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Author Topic: It should be about children, not about money  (Read 9300 times)
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UNC70
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« on: March 25, 2013, 12:32:38 PM »

"If you care about public education in our state, you need to make time to watch this video: public education expert Diane Ravitch visited NC last week and set the record straight on so-called "reform" of our public schools. We had no idea we were being fed so much misinformation, but her evidence is crystal clear.
Myth 1: our public schools are failing. They are not. Graduation rates and test scores are the highest in history.
Myth #2: charter and voucher schools perform better. They do not -- and that's despite the fact they cherry pick the best students and send the others packing back to the public schools. Other truths Ravitch offered, along with the evidence it is so: tenure is NOT the same in K-12 as at universities and eliminating it is dangerous; evaluating teachers by student test scores is wildly inaccurate and unscientific; assigning grades to schools is the first step in shutting down a school so that its space can be used by private interests; charter schools are a multi-million dollar industry rife with corruption, as the experience of other states has proved. Know the facts. Spread the truth. Watch this video: http://pulse.ncpolicywatch.org/2013/03/22/diane-ravitch-on-the-future-of-public-education-in-the-united-states-full-video/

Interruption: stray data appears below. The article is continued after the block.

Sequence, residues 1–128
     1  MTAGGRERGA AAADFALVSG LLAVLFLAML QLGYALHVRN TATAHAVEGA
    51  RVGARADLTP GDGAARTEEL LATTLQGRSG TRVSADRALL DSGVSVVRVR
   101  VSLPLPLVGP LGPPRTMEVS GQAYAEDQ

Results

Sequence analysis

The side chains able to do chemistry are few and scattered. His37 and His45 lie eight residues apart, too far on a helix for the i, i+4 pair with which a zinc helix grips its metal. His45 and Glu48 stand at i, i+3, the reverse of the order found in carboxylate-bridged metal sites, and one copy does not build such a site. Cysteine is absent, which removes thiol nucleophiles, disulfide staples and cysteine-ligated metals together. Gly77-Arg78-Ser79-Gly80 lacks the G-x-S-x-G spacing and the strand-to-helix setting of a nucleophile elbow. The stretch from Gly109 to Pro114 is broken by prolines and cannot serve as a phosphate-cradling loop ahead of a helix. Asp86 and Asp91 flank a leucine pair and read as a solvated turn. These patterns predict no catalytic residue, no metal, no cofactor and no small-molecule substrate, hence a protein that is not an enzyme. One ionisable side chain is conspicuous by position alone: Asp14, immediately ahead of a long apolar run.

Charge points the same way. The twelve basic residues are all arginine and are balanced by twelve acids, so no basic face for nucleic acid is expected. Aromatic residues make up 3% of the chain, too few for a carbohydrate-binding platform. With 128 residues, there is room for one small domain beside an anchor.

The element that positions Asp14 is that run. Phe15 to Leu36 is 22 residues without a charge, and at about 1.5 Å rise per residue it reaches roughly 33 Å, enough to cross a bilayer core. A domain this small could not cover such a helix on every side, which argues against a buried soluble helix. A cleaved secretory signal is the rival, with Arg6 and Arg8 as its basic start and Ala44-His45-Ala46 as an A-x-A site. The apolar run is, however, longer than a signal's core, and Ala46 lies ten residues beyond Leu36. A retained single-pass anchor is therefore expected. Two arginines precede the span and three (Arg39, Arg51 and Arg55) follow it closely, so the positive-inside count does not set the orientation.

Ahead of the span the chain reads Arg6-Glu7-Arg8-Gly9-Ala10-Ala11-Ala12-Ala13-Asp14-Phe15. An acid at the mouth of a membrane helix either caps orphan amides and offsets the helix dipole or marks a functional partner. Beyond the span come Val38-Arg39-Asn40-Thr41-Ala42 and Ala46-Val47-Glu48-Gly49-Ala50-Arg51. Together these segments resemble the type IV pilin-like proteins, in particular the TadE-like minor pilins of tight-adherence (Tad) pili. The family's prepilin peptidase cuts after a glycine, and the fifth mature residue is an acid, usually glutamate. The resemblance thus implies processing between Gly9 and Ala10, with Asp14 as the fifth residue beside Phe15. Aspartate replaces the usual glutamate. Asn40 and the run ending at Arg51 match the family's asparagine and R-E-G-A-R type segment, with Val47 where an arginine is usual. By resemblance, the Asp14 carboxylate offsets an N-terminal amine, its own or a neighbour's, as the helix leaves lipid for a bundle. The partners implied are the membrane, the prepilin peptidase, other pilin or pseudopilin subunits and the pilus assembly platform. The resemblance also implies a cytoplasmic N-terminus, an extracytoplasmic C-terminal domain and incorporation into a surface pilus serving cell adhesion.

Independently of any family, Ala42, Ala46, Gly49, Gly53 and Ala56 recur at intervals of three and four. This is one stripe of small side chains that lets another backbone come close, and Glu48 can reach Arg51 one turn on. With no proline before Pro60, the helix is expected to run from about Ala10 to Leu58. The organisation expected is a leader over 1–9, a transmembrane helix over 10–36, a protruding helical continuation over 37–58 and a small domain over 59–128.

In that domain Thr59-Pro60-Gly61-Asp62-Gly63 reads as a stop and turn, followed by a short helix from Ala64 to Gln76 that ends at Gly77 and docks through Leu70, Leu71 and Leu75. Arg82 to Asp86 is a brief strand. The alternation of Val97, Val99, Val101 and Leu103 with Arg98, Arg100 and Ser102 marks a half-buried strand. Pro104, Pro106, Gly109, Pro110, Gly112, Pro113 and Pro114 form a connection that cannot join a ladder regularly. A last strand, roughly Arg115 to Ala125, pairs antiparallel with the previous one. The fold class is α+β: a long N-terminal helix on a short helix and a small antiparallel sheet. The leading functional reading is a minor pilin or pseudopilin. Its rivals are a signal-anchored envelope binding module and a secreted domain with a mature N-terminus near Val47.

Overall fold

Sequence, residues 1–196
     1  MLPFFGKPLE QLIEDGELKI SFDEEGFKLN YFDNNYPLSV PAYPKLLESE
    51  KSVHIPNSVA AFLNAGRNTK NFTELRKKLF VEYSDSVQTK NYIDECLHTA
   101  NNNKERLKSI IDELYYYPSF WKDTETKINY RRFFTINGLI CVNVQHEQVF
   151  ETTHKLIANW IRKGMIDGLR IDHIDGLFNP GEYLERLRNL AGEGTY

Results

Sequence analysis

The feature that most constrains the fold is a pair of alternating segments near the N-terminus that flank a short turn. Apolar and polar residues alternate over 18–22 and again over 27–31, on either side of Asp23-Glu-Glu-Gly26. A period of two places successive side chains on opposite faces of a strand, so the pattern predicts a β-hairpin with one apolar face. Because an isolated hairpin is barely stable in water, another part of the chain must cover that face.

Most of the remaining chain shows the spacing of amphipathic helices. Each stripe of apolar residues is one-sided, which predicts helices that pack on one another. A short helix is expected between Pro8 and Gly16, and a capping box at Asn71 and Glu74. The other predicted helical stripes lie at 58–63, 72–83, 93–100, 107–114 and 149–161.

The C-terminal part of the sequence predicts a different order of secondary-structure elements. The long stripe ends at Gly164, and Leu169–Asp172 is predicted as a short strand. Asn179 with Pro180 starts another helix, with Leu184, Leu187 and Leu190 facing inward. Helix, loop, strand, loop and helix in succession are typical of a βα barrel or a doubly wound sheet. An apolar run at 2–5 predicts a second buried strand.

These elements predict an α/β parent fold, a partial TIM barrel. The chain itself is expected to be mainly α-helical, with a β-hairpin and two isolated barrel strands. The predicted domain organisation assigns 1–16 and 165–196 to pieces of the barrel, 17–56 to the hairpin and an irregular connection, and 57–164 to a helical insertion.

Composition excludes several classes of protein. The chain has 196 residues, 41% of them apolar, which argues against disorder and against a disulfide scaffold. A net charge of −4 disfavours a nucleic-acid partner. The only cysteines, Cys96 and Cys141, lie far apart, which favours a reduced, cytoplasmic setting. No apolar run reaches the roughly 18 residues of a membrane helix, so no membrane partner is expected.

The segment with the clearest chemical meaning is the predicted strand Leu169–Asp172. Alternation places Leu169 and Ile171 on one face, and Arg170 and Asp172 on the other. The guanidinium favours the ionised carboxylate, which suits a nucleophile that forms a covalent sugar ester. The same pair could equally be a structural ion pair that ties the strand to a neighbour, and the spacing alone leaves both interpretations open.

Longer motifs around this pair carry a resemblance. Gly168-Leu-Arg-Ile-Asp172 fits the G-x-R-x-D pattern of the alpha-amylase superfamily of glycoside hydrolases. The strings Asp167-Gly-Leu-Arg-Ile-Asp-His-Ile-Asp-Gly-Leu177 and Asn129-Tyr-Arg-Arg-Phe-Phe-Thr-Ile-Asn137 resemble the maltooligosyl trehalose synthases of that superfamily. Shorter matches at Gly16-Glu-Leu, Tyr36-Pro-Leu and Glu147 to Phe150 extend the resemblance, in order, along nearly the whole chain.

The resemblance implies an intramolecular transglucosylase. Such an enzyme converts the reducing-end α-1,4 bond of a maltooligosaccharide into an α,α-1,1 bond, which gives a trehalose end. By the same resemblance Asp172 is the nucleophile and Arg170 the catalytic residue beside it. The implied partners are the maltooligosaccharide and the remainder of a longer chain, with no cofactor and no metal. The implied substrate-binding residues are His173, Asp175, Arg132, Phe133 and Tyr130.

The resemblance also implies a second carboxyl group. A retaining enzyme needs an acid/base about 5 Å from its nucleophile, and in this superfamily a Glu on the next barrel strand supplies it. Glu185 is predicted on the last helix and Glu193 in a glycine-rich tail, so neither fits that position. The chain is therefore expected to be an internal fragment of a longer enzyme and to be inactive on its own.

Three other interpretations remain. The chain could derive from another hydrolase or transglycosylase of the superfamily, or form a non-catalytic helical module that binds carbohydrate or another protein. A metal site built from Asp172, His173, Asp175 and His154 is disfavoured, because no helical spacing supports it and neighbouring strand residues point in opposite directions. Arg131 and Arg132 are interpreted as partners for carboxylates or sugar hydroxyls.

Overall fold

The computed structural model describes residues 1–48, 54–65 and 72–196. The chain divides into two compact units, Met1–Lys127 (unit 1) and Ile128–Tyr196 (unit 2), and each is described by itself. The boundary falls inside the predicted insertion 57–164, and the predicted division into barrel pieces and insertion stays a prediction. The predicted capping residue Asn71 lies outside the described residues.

"Progress North Carolina

It is worth the time to listen to the whole video.
« Last Edit: April 16, 2013, 01:33:23 AM by UNC70, Reason: typo » Logged

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Gene Galin
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« Reply #1 on: March 25, 2013, 12:49:35 PM »

Myth #2: charter and voucher schools perform better. They do not -- and that's despite the fact they cherry pick the best students and send the others packing back to the public schools.


UNC70, how exactly do charter schools in North Carolina "cherry pick" the best students?